June 26, 2015
The jewelry market has begun embracing 3D printing as a way to more easily create castable models, but there are some drawbacks to using traditional resin printing materials for these applications. EnvisionTEC may have come up with a solution. The company has announced what it is calling the first direct light projection (DLP) printer that uses curable paste as a printing material. The company is initially targeting the printer at jewelry manufacturers because it can create detailed, non-brittle wax models from digital jewelry STL design files.
The Perfactory WaxEra can print a light, curable paste instead of liquid-based polymers. The E-Wax material is a wax paste with a photosensitive polymer binder for jewelry investment casting. The company unveiled the new printer and material at the JCK jewelry show at the end of May.
While some jewelers have begun using stereolithography 3D printing technology as an alternative to traditional lost-wax casting, the resins used in these systems don’t melt as reliably as wax. Using DLP SLA technology to cure a wax paste opens up the possibility of investment casting of larger jewelry pieces of any wall thickness. It can also reduce porosity, according to EnvisionTEC.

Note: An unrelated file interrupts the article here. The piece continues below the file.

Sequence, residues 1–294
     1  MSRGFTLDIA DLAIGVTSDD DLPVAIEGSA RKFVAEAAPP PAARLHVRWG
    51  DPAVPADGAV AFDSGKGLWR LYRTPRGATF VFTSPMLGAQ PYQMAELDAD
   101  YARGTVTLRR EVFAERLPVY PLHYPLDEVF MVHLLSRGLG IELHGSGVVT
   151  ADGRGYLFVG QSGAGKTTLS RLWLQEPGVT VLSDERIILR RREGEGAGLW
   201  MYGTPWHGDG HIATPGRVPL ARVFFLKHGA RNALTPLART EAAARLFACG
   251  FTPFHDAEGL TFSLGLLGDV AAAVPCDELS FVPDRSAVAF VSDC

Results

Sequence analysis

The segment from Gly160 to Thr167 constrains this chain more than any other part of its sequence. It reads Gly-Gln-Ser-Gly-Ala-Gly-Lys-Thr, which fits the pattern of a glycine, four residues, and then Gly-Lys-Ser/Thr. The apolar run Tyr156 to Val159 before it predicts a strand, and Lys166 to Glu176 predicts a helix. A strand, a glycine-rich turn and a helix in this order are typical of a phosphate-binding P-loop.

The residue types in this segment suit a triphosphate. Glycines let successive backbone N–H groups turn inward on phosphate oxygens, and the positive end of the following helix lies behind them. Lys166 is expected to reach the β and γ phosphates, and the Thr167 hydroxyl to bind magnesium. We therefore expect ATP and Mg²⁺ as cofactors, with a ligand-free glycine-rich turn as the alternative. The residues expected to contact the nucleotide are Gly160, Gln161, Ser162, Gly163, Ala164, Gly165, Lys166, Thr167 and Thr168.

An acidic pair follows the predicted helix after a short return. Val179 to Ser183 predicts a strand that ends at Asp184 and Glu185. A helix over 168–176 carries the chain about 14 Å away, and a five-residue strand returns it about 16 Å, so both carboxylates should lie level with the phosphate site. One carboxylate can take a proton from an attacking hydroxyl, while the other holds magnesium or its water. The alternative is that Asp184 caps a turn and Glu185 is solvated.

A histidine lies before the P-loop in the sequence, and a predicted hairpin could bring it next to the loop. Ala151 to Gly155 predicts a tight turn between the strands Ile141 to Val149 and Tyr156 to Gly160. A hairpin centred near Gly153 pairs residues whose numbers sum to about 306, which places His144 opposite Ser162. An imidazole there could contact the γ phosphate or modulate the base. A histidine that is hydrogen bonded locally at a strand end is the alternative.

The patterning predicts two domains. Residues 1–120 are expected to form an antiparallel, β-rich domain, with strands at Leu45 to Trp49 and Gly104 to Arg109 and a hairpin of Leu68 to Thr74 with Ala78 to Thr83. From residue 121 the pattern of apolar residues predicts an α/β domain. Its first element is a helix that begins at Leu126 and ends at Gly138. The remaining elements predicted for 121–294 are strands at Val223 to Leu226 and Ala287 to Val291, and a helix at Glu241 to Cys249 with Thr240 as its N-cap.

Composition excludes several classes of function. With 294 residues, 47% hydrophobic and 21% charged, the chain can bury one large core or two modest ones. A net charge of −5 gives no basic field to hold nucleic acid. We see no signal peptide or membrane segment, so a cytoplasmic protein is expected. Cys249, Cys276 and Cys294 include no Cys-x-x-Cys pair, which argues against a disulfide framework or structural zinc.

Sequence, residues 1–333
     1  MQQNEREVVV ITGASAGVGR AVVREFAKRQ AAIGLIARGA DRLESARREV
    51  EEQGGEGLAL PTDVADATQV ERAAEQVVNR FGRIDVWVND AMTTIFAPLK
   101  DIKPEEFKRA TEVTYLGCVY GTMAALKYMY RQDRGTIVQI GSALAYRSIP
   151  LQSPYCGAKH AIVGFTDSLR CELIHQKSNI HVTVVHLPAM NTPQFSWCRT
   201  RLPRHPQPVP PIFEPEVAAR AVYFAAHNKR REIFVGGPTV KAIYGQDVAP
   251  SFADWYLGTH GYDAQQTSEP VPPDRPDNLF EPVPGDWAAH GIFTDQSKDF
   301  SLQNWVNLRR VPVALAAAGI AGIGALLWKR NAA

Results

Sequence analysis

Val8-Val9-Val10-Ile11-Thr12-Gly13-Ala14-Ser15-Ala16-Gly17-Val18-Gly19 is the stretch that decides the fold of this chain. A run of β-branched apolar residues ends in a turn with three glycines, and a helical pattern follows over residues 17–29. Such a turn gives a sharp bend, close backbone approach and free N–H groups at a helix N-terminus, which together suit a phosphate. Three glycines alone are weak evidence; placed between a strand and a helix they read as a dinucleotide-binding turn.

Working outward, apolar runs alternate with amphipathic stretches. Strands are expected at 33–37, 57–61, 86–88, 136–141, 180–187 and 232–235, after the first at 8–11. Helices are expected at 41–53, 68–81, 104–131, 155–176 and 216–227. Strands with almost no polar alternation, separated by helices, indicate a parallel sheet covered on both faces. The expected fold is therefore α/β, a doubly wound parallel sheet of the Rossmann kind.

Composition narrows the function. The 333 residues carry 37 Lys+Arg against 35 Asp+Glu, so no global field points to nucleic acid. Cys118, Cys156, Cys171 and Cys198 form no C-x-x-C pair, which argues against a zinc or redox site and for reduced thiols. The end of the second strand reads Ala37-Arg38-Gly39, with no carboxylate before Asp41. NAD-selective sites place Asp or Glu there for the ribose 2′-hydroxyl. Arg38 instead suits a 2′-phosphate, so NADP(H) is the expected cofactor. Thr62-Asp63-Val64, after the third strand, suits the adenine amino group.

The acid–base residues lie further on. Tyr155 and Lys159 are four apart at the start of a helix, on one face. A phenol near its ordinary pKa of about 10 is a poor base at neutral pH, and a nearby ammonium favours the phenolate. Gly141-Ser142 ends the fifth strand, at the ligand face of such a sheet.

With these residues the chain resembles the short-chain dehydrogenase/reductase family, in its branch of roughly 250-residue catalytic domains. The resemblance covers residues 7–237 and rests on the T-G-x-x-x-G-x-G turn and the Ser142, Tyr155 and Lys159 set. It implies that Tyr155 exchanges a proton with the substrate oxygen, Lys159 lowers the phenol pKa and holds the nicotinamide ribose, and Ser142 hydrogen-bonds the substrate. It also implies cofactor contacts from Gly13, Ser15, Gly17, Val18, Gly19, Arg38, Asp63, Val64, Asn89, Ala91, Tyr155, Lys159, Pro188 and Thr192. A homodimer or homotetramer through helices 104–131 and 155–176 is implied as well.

“We are proud to deliver the very first Digital Light Projection technology based 3D printer that can print with a paste material, opening up the possibility to 3D print using highly filled materials,” said Al Siblani, EnvisionTEC CEO in a press release. “These new highly filled paste materials will allow EnvisionTEC to penetrate new markets, and deliver 3D printing solutions not previously available in the 3D printing space. Whether you want a highly filled ceramic part for high temperature resistance or a highly filled wax part for direct investment casting, the WaxEra brings 3D printing into a new ERA by delivering innovative 3D printing solutions to an expanding selection of new markets.”
The printer can connect to a workstation via a USB cable. The 30-lb. device has a build envelop of 40mm by 30mm by 100mm, and a 0.0012-in. resolution.